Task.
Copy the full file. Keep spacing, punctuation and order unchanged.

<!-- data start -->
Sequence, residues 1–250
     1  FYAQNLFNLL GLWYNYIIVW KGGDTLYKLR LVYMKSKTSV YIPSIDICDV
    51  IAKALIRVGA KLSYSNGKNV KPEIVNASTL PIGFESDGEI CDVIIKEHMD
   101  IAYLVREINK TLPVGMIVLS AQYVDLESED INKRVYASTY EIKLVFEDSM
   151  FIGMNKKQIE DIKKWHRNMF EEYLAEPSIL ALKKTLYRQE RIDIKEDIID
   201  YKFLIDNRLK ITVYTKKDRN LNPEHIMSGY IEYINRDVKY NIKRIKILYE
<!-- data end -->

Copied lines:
Sequence, residues 1–250
     1  FYAQNLFNLL GLWYNYIIVW KGGDTLYKLR LVYMKSKTSV YIPSIDICDV
    51  IAKALIRVGA KLSYSNGKNV KPEIVNASTL PIGFESDGEI CDVIIKEHMD
   101  IAYLVREINK TLPVGMIVLS AQYVDLESED INKRVYASTY EIKLVFEDSM
   151  FIGMNKKQIE DIKKWHRNMF EEYLAEPSIL ALKKTLYRQE RIDIKEDIID
   201  YKFLIDNRLK ITVYTKKDRN LNPEHIMSGY IEYINRDVKY NIKRIKILYE